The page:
“Move To The City” was co-written by GNR’s original and now prodigal rhythm guitarist, Izzy Stradlin, who is also the sole writer of this song. For a certain kind of fan, GNR died the moment Izzy walked out the door during the early stages of the Use Your Illusion tour in 1991. He’s an easy guy to romanticize — on “You Ain’t The First,” he’s the embodiment of Guns’ Beggars Banquet side, which is among the aspects of GNR that have aged the best. It’s also impossible to imagine Appetite For Destruction without his instigating song ideas and the relentless, syncopated strum of his guitar. On the other hand, his solo work is mostly undistinguished — as Axl’s songs grew more and more stupidly complicated, Izzy’s tunes become more and more stupidly simple, like 1999’s “Here Comes The Rain,” in which Izzy repeats those four words and only those four words about 175 times. But what can’t be denied is that Izzy is just straight-up cool. Axl is capable of many things, but he could never rhyme “farewell” with “your jivin’s been hell.”

36. “Breakdown” (1991)

While I love Chinese Democracy, I fucking love the Use Your Illusion albums. But even people who fucking love the Use Your Illusion albums tend to (incorrectly) describe them as bloated. This is probably due to the total minutes spread across both albums — 152 and some change — but the songs themselves are fairly lean and straightforward. (I would also argue that hits-to-duds ratio is very much in GNR’s favor, but I’ll let that case unfold gradually as we move through the list.) While the making of both records dragged on for 20 months, that was mostly because Axl spent months overdubbing synths while the rest of the band (save Izzy) was mainlining vodka and cocaine in days-long binges. When they actually hunkered down to work, they were efficient — amazingly so, in fact. According to both Slash and Duff’s books — Duff published his memoir, It’s So Easy: And Other Lies, in 2012 — they laid down basic tracks for 36 songs in 36 days. This tune was one of the more difficult to nail, given all the tempo changes that gave new drummer Matt Sorum fits. But they still made it through in time to resume their binging after work.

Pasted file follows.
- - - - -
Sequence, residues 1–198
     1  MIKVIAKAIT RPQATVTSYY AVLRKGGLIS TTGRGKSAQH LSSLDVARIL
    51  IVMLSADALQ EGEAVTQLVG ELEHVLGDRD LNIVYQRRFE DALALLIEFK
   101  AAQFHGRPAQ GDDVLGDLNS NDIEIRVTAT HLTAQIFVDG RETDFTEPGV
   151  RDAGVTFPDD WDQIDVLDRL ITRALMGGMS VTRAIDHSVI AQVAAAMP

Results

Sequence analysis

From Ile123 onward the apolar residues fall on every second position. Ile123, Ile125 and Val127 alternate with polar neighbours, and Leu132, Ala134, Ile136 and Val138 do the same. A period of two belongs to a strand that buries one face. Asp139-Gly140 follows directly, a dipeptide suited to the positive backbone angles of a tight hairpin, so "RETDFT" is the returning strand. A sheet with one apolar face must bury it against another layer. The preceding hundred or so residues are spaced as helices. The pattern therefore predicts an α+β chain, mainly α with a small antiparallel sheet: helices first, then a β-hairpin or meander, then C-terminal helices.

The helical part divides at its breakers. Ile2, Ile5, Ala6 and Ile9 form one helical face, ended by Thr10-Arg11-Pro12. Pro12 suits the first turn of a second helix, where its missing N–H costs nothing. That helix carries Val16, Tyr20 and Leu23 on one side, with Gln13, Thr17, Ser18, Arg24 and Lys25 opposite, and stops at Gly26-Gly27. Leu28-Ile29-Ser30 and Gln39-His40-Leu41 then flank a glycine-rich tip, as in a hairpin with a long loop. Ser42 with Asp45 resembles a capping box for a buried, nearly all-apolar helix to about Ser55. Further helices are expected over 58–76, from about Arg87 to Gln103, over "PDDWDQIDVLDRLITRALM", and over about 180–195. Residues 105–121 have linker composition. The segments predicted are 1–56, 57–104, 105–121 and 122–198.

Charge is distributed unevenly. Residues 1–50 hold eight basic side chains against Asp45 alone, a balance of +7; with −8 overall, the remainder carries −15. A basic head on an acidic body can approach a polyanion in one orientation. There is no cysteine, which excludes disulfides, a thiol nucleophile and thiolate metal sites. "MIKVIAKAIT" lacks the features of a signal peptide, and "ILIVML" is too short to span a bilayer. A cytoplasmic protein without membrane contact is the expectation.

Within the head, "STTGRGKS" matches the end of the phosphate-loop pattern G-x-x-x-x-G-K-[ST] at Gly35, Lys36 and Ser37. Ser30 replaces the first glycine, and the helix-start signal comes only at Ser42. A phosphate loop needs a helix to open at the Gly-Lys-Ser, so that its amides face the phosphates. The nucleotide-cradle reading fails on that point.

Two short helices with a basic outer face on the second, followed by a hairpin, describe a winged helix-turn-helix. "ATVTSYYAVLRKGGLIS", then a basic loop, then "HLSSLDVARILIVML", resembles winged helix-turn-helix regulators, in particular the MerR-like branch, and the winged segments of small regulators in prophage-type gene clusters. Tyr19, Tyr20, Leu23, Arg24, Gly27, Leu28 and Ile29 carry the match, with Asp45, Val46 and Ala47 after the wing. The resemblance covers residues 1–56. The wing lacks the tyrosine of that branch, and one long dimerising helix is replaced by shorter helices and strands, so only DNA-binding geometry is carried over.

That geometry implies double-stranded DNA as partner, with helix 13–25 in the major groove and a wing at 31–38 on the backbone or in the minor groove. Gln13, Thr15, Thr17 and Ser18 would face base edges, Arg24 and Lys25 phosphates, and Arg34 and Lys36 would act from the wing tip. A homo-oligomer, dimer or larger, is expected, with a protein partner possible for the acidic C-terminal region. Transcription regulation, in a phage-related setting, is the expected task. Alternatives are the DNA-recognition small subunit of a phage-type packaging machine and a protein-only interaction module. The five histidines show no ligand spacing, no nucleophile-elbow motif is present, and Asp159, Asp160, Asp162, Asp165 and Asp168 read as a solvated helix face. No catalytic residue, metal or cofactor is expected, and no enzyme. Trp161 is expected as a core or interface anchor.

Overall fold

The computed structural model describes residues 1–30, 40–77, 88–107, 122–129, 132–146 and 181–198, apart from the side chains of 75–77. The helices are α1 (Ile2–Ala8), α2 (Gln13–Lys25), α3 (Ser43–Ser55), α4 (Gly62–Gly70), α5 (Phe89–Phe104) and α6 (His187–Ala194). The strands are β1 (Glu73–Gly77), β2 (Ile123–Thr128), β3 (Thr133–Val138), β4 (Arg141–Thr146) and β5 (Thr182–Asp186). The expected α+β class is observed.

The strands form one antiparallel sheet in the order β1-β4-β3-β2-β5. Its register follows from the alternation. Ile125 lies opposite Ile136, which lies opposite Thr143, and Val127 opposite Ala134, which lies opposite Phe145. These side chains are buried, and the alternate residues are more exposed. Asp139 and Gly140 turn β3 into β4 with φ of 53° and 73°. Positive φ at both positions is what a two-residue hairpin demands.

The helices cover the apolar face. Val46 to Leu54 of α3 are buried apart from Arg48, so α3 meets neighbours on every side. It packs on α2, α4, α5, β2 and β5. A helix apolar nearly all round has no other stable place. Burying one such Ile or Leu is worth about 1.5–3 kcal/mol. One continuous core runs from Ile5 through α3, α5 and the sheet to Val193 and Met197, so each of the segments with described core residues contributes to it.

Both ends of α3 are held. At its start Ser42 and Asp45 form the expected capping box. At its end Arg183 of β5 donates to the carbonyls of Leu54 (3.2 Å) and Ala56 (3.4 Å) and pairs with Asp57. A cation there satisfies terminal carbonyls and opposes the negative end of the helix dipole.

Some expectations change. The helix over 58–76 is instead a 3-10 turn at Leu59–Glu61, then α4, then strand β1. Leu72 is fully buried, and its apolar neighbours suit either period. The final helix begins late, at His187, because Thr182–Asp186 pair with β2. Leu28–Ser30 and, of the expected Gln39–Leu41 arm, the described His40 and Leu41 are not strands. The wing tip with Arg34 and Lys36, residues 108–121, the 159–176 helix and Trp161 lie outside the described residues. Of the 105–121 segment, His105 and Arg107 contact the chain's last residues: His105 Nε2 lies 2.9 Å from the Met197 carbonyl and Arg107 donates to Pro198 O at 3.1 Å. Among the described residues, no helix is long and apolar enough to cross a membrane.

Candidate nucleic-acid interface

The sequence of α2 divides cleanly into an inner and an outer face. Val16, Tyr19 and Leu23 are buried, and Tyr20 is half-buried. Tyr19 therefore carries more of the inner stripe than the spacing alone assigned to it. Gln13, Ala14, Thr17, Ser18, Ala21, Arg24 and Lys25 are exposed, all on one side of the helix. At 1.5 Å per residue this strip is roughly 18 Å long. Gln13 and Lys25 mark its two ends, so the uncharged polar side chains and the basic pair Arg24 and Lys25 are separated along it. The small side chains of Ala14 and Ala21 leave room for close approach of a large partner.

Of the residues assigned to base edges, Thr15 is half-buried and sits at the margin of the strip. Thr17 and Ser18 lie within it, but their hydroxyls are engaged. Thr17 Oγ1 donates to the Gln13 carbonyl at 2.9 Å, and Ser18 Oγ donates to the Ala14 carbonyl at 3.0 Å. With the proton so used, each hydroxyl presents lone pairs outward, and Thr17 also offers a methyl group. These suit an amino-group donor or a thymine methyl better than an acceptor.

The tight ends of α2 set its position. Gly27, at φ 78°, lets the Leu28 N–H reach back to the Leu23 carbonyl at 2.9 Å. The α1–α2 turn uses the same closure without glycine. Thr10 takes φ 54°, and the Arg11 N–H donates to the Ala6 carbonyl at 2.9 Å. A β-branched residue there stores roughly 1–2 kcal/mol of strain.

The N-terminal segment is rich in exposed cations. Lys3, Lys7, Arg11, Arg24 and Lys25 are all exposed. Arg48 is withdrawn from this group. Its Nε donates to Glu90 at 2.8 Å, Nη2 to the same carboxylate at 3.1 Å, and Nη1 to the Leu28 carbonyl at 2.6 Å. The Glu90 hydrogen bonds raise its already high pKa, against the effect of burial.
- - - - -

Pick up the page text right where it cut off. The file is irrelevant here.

35. “Garden Of Eden” (1991)